Trendspotting: Greening of Pittsburgh

Green pittsburgh

By Teresa Woodard

Last month, Debra, Michael and I traveled to Pittsburgh for a jam-packed, 4-day conference with the Garden Writers Association.  Here, we met with hundreds of other communicators in the lawn and garden industries and witnessed first-hand many of the Steel City’s green trends.

No-mow lawns – Designed by Hugh Newel Jacobsen, this LEED home features a gravel front “yard” and mixed fescue “no mow” backyard.

Pittsburgh convention center rooftop garden

Rooftop gardens –The south terrace at the David L. Lawrence Convention Center features a rooftop garden that’s both aesthetic for convention events but also functional, acting as a natural insulator and reducing stormwater runoff.


Succulent sod – On the trade show floor, this sedum sod by Great Garden Plants caught our attention for its ease of installation, trial success and beauty.

Edibles in the landscape –  Props to these downtown restaurants (The Porch and Levy Restaurant) for featuring edibles, like chard and basil, in their landscape designs.

Garden at Schenley Plaza

Downtown beautification – Just steps from the University of Pittsburgh, Schenley Plaza was recently renovated by the Pittsburgh Parks Conservancy and today features this All-America Selection Display Garden.

Harvesting water — At the Phipps Conservatory’s Center for Sustainability, all stormwater runoff is captured in a lagoon system and passed through a plant-based treatment process for later use in irrigation and toilet flushing.


Trendspotting: Lawn Alternatives

What are the attractive and practical alternatives to lawn?

lawn alternativeBy Michael Leach

Finally there’s a voice of reason in the clamor over lawns. While I’m hardly a proponent of  bluegrass from sea to shining sea, I grow weary of strident idealists calling for an end to lawn.

From what I’ve seen, their politically correct lawn replacements resemble vacant lots, not landscapes. Theirs is a green version of what many well-intentioned water savers palm off as xeriscape.

Sorry, not so fast, that’s zero-scape. To me a mass of tangled native plants or gravel bed  punctuated with scraggly desert vegetation seems more a lazy bones approach to landscape design and maintenance than a desirable lawn alternative.

Which brings me to the voice of reason, Sabrena Schweyer,  a principal of Salsbury-Schweyer of Akron, OH. She presented “Sustainable Lawn Alternatives” at the recent Ohio State University Short Course offered in conjunction with the Central Environmental Nursery Trade Show in Columbus.

Her vision and calm rationale were as welcome and illuminating as sunshine on a dreary Midwest winter day.

Not surprisingly for a landscape designer, she suggests looking at the lawn as a component of the overall plan, not the dominant theme. Obviously children and pets love playing on a lawn and few plants caress bare feet as gently as grass.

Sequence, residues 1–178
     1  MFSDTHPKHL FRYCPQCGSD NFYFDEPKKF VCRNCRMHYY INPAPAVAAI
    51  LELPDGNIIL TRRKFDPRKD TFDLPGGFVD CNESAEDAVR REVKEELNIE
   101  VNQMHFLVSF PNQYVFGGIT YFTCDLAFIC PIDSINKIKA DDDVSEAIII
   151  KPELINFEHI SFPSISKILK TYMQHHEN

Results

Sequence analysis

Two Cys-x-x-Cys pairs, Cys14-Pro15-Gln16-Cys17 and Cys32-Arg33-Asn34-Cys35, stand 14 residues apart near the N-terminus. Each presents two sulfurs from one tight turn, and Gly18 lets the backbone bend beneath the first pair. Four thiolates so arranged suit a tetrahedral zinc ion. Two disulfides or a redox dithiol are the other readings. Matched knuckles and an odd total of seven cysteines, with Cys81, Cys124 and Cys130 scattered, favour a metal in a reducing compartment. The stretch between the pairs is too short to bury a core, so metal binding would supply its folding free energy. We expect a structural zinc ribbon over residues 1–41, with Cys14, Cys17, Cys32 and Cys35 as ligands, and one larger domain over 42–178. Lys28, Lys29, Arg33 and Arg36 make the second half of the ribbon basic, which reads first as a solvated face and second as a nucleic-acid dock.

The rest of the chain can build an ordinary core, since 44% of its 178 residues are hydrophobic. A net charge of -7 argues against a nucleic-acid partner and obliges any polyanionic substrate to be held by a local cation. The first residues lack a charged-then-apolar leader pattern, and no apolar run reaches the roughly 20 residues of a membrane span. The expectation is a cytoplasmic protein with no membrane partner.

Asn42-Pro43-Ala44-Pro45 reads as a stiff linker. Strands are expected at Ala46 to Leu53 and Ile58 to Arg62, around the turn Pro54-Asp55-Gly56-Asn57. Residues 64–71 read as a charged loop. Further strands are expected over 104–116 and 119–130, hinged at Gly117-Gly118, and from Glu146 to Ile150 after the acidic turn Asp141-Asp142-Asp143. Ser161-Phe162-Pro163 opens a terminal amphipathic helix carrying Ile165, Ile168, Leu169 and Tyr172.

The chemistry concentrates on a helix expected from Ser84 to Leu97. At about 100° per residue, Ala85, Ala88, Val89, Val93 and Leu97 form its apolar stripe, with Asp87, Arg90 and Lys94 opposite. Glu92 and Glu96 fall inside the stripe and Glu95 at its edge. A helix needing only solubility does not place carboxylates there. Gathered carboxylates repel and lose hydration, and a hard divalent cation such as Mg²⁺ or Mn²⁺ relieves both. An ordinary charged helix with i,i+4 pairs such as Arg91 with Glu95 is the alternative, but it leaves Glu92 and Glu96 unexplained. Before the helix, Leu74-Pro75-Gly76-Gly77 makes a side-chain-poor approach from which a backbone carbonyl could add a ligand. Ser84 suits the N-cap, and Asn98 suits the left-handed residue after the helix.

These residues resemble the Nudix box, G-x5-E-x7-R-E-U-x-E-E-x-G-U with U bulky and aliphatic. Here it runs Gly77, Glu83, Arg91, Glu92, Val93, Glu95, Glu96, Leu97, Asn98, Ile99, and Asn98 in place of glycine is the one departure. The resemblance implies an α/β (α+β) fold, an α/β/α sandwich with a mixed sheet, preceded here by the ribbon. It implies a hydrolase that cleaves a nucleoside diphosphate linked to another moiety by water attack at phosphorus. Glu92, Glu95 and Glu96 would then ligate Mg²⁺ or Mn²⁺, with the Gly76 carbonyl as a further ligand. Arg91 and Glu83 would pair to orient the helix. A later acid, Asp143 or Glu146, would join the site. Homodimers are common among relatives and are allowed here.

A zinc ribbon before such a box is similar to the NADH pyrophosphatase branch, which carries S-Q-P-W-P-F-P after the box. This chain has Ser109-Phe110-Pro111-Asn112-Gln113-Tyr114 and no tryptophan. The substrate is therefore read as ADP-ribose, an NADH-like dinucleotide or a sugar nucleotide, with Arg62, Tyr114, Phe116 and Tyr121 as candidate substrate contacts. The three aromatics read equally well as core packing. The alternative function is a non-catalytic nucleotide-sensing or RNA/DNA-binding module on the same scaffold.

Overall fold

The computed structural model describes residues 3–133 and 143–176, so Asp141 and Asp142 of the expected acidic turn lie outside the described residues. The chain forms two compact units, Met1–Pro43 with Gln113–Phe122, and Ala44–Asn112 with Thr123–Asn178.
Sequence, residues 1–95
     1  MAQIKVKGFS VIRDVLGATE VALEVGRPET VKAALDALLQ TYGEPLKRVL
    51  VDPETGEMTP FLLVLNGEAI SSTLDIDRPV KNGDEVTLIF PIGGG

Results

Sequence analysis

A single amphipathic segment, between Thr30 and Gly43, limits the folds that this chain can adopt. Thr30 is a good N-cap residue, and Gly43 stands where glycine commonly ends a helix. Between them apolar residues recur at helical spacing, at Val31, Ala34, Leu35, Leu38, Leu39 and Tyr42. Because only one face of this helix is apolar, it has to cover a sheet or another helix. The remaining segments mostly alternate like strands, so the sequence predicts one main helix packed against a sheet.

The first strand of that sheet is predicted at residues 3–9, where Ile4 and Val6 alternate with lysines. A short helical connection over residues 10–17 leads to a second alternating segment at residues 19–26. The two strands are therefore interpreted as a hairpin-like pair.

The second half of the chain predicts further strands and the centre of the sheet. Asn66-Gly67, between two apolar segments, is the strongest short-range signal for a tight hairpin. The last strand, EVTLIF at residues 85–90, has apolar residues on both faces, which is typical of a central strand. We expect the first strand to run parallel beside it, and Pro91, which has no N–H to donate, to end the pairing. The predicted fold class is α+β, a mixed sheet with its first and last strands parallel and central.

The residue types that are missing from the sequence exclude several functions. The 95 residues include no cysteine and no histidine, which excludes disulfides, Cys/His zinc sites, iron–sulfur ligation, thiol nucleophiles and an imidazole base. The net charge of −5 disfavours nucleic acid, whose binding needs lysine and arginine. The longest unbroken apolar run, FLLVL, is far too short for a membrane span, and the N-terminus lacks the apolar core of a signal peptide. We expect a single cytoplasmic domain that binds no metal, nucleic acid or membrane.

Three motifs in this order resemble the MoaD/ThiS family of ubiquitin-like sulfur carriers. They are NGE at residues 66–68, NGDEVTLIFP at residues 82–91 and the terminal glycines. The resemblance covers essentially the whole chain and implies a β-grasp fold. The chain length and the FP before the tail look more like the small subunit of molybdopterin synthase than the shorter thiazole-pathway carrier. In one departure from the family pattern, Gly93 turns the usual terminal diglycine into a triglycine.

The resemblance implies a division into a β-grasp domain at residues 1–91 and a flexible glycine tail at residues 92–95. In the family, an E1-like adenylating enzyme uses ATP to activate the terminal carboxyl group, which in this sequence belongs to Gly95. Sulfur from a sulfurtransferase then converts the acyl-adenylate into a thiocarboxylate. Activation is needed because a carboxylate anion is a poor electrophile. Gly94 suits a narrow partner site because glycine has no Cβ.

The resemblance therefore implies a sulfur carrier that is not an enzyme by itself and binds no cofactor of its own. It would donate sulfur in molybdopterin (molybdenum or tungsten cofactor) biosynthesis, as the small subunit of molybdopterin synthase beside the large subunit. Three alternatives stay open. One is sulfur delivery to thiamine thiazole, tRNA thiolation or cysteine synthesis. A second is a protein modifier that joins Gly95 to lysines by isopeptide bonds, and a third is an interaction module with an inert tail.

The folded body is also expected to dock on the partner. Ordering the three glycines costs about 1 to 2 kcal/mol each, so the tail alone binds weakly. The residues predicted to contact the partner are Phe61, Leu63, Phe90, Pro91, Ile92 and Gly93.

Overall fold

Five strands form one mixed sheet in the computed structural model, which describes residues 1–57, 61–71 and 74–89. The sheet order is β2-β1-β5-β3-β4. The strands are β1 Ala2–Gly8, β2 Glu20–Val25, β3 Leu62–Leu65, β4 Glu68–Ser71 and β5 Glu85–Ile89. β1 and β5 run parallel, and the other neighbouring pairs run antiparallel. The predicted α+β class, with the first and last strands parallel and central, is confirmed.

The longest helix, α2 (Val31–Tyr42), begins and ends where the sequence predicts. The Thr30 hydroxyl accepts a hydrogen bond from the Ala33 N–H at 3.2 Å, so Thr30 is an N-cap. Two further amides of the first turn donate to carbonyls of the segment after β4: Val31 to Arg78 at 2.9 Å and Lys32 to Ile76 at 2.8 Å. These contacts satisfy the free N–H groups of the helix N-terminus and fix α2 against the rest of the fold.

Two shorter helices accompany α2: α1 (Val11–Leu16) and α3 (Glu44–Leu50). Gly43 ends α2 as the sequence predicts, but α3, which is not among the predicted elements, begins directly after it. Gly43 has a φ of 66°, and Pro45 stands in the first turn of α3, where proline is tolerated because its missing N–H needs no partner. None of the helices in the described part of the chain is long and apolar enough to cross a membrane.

But other needs, such as entertaining or vegetable gardening, may also be on your priority list. Obviously all lawn won’t do.

Think of lawn as the area rugs of the landscape, she suggests. One of her clients wanted a large deck with adjacent water garden to fill much of the back yard. His wife argued against the plan because they never went outside and wouldn’t use.

Who would with only a blank green slate and the boring backsides of neighbors houses to gaze at? Sadly, too many homeowners feel like the wife, thanks to the lawn-centric tradition surrounding the typical American domicile.

She suggests that homeowners, who like the looks of lawn but resent the labor, should look into maintenance minimalist grass varieties and grasslike plants that mimic the open space of lawn without the drudgery.  In some situations, moss or thyme might work as ground cover — but weeding is a must with these. (Warning, the casual looks won’t please fussbudgets.)

Even if you opt to replace the lawn with a mini meadow or prairie, it may be wise to surround it with a framework of mown grass, pavement or fence.This shows the neighbors — and skeptical government inspectors — that you are intentional, not merely growing a higgledy-piggledy array of plants.

If this seems too constraining, imagine — if you can — a frothy English perennial garden without a stately brick wall, clipped verdant hedge or precisely edged gravel walk as components. The contrast of order and abandon makes for an intriguing scene.

In the Midwest, we have to keep up appearances in winter. Grass usually turns to a straw mat, making it a neutral foil for other landscape features. But a wildflower meadow becomes a sinister, frosted-blackened place more an Edgar Allan Poe setting than a yard-of-the-year candidate. Plants with winter visual interest, plus structures and other hardscape, will keep the scene lively every day.

The idealists are on the right track. But theirs is a challenge of creating visually appealing — and easy to maintain — alternatives to lawns. Sabrena is pointing the way.

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